Nkrumah founded WANS in December 1945, immediately following the Manchester Pan-African Congress, becoming the new organisation's Secretary-General. Other founder members included I. T. A. Wallace-Johnson (who was elected as Chairman), Bankole Akpata, Kojo Botsio and Bankole Awooner-Renner (the first President). Many of its initial members were also members of the West African Students' Union (WASU).
WANS aimed to build a united movement throughout West Africa for independence, on a platform of anti-imperialism. Its view of West Africa was broad, and aimed to include countries as distant as Kenya and Sudan. A major congress was planned, but never came to fruition.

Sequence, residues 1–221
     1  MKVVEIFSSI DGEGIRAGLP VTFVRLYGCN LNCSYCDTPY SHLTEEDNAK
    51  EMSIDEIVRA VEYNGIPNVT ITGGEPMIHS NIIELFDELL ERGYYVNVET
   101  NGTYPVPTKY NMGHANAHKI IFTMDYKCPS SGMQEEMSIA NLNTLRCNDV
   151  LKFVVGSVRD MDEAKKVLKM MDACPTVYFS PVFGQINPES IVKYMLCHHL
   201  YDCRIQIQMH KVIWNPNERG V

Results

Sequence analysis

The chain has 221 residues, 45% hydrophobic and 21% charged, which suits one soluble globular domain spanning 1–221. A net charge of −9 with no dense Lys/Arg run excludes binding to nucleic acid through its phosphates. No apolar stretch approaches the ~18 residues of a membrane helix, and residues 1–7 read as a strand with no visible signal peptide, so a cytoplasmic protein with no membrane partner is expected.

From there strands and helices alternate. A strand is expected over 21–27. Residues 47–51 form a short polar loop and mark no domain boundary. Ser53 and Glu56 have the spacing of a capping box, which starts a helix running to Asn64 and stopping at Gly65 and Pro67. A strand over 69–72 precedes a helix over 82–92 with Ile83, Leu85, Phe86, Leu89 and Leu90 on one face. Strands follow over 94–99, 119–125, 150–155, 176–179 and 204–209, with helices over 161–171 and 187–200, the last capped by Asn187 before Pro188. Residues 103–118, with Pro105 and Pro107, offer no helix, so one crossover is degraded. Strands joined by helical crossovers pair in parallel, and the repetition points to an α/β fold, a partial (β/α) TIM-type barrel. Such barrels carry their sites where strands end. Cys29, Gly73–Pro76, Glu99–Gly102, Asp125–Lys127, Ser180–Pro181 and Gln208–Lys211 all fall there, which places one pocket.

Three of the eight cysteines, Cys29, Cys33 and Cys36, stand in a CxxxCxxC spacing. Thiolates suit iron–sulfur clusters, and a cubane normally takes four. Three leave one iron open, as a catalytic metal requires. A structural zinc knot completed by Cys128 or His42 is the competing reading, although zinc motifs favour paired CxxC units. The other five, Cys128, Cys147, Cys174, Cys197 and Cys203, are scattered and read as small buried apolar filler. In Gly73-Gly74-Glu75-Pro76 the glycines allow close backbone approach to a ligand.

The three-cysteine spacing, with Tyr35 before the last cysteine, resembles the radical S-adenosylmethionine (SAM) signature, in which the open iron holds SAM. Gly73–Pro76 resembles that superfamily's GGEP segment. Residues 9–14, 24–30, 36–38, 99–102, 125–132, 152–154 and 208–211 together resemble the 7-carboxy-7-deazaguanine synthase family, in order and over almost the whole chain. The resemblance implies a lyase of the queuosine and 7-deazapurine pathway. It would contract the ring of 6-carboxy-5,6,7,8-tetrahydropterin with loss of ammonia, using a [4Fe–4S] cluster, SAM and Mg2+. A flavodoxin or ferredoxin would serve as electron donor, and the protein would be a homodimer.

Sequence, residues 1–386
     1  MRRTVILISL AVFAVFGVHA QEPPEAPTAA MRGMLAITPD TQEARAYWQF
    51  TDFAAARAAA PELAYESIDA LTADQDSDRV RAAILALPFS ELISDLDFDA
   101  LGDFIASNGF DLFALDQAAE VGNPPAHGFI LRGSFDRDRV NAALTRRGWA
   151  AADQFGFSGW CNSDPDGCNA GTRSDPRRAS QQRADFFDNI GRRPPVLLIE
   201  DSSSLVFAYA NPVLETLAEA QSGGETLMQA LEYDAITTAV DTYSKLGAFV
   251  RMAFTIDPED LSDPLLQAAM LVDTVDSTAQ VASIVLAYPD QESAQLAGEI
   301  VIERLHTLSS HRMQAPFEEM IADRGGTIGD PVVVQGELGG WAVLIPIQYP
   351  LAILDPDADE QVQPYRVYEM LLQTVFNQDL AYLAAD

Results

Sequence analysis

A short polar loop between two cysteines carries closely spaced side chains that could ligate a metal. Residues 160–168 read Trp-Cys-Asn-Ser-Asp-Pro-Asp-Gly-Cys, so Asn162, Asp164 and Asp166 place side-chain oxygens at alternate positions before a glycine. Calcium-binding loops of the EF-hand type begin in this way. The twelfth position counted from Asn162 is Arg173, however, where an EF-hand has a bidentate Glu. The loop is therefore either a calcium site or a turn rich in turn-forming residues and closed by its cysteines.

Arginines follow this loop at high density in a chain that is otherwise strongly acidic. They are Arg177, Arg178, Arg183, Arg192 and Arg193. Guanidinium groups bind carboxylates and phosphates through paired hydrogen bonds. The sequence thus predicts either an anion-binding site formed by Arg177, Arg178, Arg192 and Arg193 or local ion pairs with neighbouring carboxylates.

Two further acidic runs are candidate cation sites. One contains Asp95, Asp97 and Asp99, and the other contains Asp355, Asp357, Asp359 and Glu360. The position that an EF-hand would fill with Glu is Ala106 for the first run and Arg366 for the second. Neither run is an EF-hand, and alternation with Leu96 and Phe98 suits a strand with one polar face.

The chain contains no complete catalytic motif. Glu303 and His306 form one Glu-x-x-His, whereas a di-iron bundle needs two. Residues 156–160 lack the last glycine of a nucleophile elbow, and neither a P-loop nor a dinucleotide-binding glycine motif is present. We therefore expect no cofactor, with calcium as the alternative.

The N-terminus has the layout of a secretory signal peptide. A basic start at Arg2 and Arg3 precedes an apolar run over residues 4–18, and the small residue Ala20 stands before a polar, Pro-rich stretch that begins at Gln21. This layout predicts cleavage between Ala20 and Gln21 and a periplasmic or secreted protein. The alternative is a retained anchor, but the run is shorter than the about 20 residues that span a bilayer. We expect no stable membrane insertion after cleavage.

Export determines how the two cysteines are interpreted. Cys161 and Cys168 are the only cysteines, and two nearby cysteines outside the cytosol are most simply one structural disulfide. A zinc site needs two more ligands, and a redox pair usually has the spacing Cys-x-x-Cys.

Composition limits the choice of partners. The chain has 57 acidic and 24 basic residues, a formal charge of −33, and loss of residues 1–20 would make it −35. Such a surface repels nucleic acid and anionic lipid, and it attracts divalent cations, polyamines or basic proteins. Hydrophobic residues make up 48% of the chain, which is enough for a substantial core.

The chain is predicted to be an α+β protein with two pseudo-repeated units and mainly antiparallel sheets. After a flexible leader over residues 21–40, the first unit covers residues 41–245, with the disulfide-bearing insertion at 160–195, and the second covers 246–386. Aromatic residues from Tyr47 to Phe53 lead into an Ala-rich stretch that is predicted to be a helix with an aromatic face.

During 1946, WANS published five issues of a monthly journal, The New African, containing articles in English, French and Belgian, on West African issues, but also incorporating stories from the Moscow New Times. In September, WANS held a joint conference with WASU, which Nkrumah convinced Léopold Sédar Senghor and Sourou Migan Apithy to attend.
WANS was considerably weakened after Nkrumah returned to Africa in 1947, and appears to have dissolved the following year.